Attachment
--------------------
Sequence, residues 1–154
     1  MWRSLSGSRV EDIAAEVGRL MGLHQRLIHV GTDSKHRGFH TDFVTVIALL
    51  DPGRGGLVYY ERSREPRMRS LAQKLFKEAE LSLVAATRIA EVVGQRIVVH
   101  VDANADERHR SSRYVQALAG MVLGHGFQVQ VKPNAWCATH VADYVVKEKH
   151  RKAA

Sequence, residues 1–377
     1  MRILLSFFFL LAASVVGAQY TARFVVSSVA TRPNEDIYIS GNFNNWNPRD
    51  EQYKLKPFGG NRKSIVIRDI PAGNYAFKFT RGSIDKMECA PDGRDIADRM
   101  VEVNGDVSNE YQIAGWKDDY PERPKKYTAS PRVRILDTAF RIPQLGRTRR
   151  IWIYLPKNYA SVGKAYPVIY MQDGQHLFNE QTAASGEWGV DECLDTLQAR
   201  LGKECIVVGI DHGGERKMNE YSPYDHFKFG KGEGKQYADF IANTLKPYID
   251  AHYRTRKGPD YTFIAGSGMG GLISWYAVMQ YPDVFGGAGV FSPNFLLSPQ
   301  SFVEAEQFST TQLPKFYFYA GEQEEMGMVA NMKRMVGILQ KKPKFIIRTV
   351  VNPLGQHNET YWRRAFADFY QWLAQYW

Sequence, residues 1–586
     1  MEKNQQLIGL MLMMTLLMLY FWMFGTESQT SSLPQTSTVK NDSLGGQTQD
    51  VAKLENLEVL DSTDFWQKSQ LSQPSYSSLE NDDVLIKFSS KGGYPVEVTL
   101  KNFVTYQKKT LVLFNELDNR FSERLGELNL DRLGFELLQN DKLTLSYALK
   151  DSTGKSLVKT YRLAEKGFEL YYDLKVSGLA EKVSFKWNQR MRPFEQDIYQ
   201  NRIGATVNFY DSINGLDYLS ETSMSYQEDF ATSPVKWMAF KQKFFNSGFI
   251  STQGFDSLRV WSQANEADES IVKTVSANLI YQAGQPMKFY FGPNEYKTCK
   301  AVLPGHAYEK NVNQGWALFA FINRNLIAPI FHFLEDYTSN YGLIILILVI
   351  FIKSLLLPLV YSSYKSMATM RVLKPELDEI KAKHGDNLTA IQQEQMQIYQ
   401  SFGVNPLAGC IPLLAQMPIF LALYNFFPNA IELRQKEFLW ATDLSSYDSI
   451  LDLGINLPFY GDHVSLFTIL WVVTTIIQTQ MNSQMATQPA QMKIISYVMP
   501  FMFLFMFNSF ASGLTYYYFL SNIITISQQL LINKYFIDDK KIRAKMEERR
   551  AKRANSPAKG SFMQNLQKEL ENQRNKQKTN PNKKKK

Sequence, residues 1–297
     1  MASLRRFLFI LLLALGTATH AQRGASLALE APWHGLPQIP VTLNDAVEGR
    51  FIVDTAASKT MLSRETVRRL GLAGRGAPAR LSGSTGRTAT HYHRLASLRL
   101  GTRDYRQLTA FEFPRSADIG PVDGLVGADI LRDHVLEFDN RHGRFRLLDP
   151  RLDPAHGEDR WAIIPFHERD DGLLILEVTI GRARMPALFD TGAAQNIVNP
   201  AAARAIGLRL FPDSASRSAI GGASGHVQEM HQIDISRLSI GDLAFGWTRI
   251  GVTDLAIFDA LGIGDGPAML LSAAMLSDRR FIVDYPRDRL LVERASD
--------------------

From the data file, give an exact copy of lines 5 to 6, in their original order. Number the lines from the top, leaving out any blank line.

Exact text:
   151  RKAA

Sequence, residues 1–377